It has been a long time since I have heard the question, who’s hungry? More often today if you are with friends or family the question surrounds what kinds of food are you hungry for or what do you want to eat. Depending upon the time of day and the age of the person being questioned the responses can run wild. The type or culture of food we prefer is also wide open. Do you want spicy, healthy, vegan, vegetarian, meat and potatoes, or a bowl of ice cream and call it breakfast, lunch or dinner.
In my cookbook, Generations of Good Food, you can find most anything your palate desires. The book consists of predominantly Italian dishes, because that is my heritage, but there are a number of other foods which are family favorites. My maternal grandmother was an awesome cook who taught all of us granddaughters to cook the old-fashioned way. We did not have food processors to mix, chop or blend. The labor of love was doing it all by hand. For example, today we have electric pizzelle makers which make up to four cookies at one time. When I learned, the pizzelle maker made one cookie at a time over the heat/flame of a stove. My mother stood by the stove and made full batches of cookies which numbered 12 dozen at a time. The age-old art of making pasta by putting flour on a board, making a well in the middle and adding eggs, salt and a bit of oil or water. Today we prefer to put all the ingredients into a machine with a dough hook or food processor and let the machine do the heavy work. Is the outcome the same consistency as though it had been kneaded by hand? Yes.
Families today are busy with multiple schedules to keep. The cost of food makes eating fast food a luxury on days when the schedule is back-to-back with after school activities and appointments. Because we are so busy it is important to ensure the entire family gets a healthy meal. Today we can ensure dinner will be ready for the table by setting a crock pot before going out the door in the morning. Nothing like a pot or pork roast with root vegetables to fill everyone’s tummies at the end of a day. I make a big pot of pasta sauce with hamburger and sausage and then freeze it in containers. While the pasta cooks and sauce warms on the stove, I can prepare a salad and place a hearty meal on the table in no time. Another quick and easy way to satisfy anyone who’s hungry is to grill. Today many families grill year-round as the cold weather doesn’t deter them from enjoying summertime favorites in the winter. Want another age-old favorite? Pick up a couple cartons of tomato soup in the grocery store deli and make grilled ham and cheese sandwiches. Quick, east and oh so delicious.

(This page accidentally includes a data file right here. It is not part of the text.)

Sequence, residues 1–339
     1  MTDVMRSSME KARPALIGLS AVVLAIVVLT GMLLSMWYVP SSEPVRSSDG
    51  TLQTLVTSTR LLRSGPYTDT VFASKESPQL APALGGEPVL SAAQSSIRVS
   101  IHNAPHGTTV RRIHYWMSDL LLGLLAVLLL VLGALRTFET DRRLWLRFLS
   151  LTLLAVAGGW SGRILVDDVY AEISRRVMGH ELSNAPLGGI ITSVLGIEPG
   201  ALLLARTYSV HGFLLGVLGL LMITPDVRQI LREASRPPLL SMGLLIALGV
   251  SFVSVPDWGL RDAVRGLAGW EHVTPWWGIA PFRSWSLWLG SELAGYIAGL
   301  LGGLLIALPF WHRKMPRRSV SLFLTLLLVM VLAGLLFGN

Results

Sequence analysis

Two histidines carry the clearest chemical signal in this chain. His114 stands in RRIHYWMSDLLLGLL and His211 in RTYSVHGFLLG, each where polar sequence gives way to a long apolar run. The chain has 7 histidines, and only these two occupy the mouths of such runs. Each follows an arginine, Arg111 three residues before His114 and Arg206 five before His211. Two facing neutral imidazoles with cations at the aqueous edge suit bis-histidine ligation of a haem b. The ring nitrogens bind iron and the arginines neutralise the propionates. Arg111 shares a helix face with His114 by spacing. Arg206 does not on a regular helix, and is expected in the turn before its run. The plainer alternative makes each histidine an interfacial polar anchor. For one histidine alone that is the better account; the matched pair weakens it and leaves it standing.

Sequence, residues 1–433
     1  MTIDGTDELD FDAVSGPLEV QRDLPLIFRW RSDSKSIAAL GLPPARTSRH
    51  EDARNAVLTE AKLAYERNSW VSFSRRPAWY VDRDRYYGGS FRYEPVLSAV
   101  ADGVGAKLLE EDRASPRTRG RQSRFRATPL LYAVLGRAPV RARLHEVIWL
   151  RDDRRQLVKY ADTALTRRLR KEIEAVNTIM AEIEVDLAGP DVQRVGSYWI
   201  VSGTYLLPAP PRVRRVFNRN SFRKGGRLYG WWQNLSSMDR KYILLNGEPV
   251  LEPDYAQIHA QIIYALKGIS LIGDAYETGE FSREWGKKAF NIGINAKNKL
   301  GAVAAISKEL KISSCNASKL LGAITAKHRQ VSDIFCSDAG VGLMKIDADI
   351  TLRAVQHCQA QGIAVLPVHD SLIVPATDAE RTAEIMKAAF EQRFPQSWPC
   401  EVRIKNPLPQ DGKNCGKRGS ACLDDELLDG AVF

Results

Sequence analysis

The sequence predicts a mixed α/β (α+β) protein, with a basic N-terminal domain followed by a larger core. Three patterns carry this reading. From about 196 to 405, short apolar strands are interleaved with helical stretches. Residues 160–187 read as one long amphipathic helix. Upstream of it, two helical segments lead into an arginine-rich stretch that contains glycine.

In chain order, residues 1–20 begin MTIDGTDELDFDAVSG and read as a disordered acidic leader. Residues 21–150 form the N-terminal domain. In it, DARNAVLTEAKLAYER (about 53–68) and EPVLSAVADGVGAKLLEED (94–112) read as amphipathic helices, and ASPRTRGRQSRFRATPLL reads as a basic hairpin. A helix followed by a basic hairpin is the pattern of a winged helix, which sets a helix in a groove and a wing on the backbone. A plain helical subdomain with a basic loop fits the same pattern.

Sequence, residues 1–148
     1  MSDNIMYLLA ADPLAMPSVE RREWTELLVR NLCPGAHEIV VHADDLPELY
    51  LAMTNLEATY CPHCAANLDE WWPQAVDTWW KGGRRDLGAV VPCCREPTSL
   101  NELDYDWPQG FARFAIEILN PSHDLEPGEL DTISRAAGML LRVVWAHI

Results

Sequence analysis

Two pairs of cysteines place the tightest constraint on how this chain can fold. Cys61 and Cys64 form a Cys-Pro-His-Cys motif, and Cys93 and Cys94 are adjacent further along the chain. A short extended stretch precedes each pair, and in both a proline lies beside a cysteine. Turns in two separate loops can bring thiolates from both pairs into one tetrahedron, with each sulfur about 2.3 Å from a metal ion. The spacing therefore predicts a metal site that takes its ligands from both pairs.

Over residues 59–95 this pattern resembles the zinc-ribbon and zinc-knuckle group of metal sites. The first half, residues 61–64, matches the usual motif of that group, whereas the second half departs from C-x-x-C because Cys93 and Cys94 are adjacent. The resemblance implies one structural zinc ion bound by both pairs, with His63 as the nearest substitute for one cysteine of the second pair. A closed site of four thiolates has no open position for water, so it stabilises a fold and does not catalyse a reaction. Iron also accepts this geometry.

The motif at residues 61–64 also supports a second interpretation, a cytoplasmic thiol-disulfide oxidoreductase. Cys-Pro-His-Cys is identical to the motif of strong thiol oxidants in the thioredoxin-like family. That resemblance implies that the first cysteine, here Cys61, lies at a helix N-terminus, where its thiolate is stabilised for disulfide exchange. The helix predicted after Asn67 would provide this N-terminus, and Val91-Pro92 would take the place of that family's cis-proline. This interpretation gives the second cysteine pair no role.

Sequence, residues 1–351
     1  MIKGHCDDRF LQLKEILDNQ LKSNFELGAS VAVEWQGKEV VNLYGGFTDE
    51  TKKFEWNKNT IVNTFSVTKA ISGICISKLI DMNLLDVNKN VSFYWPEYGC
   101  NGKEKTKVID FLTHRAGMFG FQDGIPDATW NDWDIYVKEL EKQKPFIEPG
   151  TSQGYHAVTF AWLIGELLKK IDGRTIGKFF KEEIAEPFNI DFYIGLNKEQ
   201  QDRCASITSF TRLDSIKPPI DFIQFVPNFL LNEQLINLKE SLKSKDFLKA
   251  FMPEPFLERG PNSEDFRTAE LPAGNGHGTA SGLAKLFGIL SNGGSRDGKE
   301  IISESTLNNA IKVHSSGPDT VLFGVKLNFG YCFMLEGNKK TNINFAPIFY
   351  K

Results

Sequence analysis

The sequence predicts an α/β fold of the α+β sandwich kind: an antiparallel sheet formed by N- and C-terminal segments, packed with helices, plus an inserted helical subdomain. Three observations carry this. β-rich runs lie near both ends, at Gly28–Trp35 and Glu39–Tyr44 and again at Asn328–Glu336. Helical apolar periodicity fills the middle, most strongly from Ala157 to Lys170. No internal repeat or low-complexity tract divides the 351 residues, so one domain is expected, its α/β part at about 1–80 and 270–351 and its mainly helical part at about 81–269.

If you have a bit of time, make homemade pizza dough. Generations of Good Food has a simple recipe that makes one medium pizza. Double the recipe and make calzones by rolling out individual rounds and filling them with your family’s favorite pizza toppings. Pizza dough also makes an Italian dessert favorite – pizza fritte. Tear off chunks of dough, stretch them and fry them. Drain on paper towels and enjoy with a sprinkling of sugar or dip them in honey. Another quick after school treat, I enjoyed growing up, was when mom would make a pie and cut the extra dough into strips, sprinkle with cinnamon sugar and bake. These were always a favorite after school treat in my home. My mother would make a mountain of both, and they would be devoured by children and adults alike. Simple pleasures to make for who’s hungry.
Pick up a copy of Generations of Good Food at amazon or visit my website www.onecaregiversjourney.com. The book has 200 recipes ranging in skill from the kitchen novice too the trained cook. There are main and side dishes, breads, desserts, pies, cookies, and candy. Just reading the recipes and stories of the dishes will make you hungry and want to go into the kitchen to find something to satisfy who’s hungry in your household.